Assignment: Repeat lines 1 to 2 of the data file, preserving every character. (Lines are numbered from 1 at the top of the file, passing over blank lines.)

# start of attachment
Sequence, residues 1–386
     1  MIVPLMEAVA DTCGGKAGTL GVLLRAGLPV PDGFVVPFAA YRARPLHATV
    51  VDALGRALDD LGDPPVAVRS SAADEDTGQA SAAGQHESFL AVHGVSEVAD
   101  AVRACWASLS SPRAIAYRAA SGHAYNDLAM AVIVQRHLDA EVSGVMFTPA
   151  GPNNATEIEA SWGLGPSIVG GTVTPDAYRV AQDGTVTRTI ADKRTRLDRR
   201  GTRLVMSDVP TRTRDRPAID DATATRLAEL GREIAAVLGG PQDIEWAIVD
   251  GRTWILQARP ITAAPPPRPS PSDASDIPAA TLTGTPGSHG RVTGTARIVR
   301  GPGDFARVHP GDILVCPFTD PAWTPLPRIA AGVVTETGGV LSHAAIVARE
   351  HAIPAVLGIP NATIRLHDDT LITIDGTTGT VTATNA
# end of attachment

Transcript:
Sequence, residues 1–386
     1  MIVPLMEAVA DTCGGKAGTL GVLLRAGLPV PDGFVVPFAA YRARPLHATV